IAB Canada, a non-profit association representing the digital marketing and advertising industry, is currently in negotiations with the Digital Advertising Alliance in the U.S. to adopt its self-regulating program, which is already in place south of the border.
A blue icon with a lower-case "i" denotes ads that are appearing because of behavioural advertising practices, based on a user's past web history. The icon links to http://www.aboutads.info/, which includes an opt-out feature used by about 160 ad agencies, ad networks and companies, including the likes of American Express, AT&T, Bank of America, Conde Nast, Dell, Delta, Forbes, Google, Microsoft, Verizon and Yahoo!
"They're about two years ahead of us, so they're looking at other things now and they're moving onto mobile, etc. — but we have to get this in place in Canada first," said outgoing IAB Canada president Paula Gignac.
"It'll certainly be I don't believe any later than (the third quarter) of 2012."
Behavioural advertising is typically based on web browser "cookies," files that reside on a user's computer and contain information about usage history and habits. For example, visiting a website or launching a search about tourist sites in Montreal could trigger more travel-related ads as you browse the web. Advertisers say it's a good way to get relevant ads to users but many feel the practice is an invasion of privacy, even if the ad companies don't receive personal information through cookies.
Gignac said there's been no resistance within the industry as IAB Canada has moved closer to allowing users to opt-out of behavioural tracking.
"There wasn't any push back at all," she said. "Advertisers, agencies, publishers, networks really realized that the consumer is in control and they have to be good to the consumer."
In December, Canada's privacy commissioner Jennifer Stoddart released guidelines for the advertising industry saying Canadians must have an easy way to say no to behavioural ads. She called the U.S. opt-out system and the move to implementing it here "a very, very positive development."
"A huge majority of Canadians think that Internet companies should ask for their permission to be tracked online, and so part of our behavioural advertising initiative was to respond to this and say very clearly how the privacy law should apply online in these situations," Stoddart said.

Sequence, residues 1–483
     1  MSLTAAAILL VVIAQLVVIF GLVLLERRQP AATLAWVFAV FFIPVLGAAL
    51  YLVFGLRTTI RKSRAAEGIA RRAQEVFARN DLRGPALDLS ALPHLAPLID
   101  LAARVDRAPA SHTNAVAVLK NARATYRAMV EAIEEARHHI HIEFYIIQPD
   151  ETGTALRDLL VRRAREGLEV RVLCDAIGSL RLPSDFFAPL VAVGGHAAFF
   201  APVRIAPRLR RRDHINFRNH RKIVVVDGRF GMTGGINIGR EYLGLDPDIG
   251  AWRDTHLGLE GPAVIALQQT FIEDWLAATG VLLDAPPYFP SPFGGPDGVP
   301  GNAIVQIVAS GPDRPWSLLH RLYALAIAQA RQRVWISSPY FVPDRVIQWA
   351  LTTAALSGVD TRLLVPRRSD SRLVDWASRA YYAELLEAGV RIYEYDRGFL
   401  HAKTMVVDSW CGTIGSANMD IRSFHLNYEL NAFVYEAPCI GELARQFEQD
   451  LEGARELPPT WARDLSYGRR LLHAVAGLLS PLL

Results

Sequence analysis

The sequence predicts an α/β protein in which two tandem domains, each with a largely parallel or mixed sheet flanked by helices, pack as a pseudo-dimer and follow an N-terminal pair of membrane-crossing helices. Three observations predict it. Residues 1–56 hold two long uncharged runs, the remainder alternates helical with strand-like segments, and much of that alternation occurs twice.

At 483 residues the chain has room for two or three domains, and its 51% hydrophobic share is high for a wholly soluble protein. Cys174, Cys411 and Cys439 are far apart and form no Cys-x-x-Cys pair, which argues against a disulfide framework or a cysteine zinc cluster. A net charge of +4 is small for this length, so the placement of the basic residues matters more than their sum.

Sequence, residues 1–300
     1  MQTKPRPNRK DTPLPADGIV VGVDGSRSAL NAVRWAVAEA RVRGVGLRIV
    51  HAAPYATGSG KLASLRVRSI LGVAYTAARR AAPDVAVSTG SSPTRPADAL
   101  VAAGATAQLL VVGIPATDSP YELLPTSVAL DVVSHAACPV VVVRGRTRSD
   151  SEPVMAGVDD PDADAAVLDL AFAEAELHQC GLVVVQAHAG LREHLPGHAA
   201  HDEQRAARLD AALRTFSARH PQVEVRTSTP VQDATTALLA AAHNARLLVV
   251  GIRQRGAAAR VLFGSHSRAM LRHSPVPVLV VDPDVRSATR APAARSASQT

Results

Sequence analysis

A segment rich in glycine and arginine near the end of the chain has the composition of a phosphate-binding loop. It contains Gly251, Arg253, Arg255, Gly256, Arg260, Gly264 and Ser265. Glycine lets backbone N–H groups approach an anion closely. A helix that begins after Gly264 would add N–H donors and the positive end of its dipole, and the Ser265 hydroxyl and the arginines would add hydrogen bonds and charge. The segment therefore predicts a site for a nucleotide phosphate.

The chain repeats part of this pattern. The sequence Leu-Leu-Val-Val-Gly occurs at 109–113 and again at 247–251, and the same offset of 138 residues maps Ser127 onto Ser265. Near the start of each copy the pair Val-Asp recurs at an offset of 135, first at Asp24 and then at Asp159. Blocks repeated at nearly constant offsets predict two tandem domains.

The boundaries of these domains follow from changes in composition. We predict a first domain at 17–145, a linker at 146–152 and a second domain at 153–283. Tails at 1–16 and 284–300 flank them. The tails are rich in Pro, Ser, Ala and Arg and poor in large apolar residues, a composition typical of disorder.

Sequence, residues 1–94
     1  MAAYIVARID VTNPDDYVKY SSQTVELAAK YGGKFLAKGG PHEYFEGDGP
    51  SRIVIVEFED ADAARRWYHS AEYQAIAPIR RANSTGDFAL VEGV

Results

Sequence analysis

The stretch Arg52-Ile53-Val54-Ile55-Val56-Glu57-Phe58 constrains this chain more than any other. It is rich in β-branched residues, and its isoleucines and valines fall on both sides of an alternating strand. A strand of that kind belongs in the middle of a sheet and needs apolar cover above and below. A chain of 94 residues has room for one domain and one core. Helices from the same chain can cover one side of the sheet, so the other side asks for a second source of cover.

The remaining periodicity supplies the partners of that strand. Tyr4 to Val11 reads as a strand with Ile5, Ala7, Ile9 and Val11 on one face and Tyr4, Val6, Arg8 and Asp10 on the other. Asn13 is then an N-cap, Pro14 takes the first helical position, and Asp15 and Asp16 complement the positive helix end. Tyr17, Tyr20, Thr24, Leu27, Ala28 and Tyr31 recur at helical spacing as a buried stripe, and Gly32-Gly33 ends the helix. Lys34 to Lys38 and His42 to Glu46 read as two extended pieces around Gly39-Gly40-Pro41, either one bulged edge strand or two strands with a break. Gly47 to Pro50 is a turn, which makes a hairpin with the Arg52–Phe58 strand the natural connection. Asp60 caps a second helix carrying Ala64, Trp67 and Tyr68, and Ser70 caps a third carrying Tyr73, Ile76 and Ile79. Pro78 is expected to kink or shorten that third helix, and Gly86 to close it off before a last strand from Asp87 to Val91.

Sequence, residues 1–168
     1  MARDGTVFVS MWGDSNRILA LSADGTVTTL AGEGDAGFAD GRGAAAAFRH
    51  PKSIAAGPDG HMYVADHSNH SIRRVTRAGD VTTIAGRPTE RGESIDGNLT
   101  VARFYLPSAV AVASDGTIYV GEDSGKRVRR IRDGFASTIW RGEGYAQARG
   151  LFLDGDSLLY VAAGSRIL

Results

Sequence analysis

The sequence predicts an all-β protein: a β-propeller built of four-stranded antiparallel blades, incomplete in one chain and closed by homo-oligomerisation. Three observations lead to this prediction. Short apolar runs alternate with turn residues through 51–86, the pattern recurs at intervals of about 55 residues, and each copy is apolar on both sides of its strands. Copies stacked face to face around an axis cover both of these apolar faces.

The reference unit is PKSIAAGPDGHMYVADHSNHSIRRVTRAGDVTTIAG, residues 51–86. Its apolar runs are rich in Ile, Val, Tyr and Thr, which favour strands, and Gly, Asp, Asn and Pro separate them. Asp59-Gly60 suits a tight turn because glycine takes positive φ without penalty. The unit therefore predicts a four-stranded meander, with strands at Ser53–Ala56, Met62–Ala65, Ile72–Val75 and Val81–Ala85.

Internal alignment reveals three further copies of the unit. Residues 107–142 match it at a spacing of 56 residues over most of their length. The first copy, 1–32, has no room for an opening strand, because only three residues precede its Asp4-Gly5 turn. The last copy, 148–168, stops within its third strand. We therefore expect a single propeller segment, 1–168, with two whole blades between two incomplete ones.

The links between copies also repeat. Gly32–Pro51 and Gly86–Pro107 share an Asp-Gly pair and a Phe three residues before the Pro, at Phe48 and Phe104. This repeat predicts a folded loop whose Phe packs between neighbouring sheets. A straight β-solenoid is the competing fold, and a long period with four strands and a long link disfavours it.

"So we're saying it's up to those who are using tracking devices of any kind to ask for the consumer's consent."
Websites typically do ask for consent to track user behaviours, but those requests are usually buried within the long pages of legalese-laden privacy policies or terms and conditions.
"We know privacy policies and terms and conditions are unfortunately not written always as clearly as they should," Stoddart said, but added that many users appear to know about the tracking practice and realize it's going on.
"I think just by daily culture now most people understand that they're being tracked online — it's not because they've read the terms and conditions."
There are a few existing ways for Internet users to stop seeing most behavioural ads as they surf the web.
The latest versions of Microsoft's Internet Explorer and Mozilla's Firefox web browsers have do-not-track features, while Google has an optional download for its Chrome browser called "Keep My Opt-Outs." Security software maker AVG has also incorporated a similar feature into its free anti-virus software, which is turned on as a default setting.
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